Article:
News from the Southern 1 Region
Susan Birnie, Southern 1 Regional Director
Summer 2011

As many of us end our school year, it is that time to look back and reflect on what is working and what needs to be improved. In a recent NCTM Teaching Children Mathematics article, A Reflection Framework for Teaching Math (November 2010), there are several questions proposed for teachers to reflect on their practice. These same questions can be easily adapted for coaches and supervisors as they review their work with teachers in the process of improving instruction:

Structure of the Lesson

  • Were the activities mathematically related and coherent and based on the big ideas of mathematics?
  • Did the flow of the lessons facilitate students' deeper understanding of the mathematical concepts?

Multiple representations

  • Were a variety of representations (graphs, pictures, symbols, charts, diagrams, or manipulatives) used during instruction in meaningful ways?
  • Were students able to translate back and forth between different representations to demonstrate their understanding of the concept?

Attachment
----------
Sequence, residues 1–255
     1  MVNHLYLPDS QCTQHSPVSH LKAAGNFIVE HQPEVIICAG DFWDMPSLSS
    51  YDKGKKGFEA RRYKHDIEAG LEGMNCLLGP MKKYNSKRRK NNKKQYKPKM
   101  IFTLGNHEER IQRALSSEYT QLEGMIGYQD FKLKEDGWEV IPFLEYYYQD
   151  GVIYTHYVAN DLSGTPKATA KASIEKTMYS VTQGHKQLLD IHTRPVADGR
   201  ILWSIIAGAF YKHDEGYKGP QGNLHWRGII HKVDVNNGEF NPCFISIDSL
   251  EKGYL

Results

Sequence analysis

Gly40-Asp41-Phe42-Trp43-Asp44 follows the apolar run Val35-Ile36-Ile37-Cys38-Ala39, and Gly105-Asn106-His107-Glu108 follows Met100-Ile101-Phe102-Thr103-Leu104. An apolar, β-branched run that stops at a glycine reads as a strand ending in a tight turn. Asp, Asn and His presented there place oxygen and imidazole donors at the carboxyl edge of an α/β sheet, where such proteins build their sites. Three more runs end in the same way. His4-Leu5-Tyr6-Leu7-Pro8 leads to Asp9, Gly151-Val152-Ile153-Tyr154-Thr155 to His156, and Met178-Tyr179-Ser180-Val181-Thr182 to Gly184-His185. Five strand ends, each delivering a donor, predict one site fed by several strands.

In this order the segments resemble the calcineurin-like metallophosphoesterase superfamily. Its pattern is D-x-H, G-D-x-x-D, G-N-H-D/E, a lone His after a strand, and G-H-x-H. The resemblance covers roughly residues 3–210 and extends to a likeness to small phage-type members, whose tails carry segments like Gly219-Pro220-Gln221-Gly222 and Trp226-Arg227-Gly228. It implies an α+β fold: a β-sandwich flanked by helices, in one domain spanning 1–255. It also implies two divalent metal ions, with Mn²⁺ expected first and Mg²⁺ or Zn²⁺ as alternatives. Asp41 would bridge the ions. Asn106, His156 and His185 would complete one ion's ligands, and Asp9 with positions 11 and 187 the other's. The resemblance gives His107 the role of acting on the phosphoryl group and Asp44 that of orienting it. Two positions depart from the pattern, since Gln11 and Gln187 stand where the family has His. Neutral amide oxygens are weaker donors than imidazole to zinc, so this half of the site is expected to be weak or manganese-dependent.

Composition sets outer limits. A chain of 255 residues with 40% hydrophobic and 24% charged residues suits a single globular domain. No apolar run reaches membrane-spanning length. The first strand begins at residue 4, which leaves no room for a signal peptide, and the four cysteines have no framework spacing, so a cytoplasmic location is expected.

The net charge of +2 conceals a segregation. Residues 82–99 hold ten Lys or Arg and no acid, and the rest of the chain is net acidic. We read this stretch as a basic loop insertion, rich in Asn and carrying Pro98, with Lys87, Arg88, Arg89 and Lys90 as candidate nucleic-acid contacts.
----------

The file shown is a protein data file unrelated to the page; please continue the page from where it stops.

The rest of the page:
Use of mathematical tools

  • Did students have the opportunity to use appropriate math tools (other than paper, textbooks, or chalkboards) to investigate concepts and solve problems in class?
  • Were connections made between the tools and the mathematical concepts?

Cognitive depth

  • Were selected tasks connected to underlying concepts, or were the tasks mainly focused on memorization?
  • Were some of the tasks open-ended?

Mathematical discourse

  • Did the students consistently participate throughout the math class and play a substantive role in directing the content of math discussions?
  • Were questions focused on mathematical thinking (processes, strategies, and solutions) rather than on correct answers?

Explanation and justification

  • Were students often required to provide explanations and justify their reasoning?
  • Did student explanations focus on conceptual understanding of the concept rather than procedural steps?

Problem solving

  • Were students engaged in problems that allowed them to grapple with mathematical concepts, or were they doing exercises for which they were practicing an already-learned procedure?
  • Did the lesson encourage multiple strategies to solve each problem?
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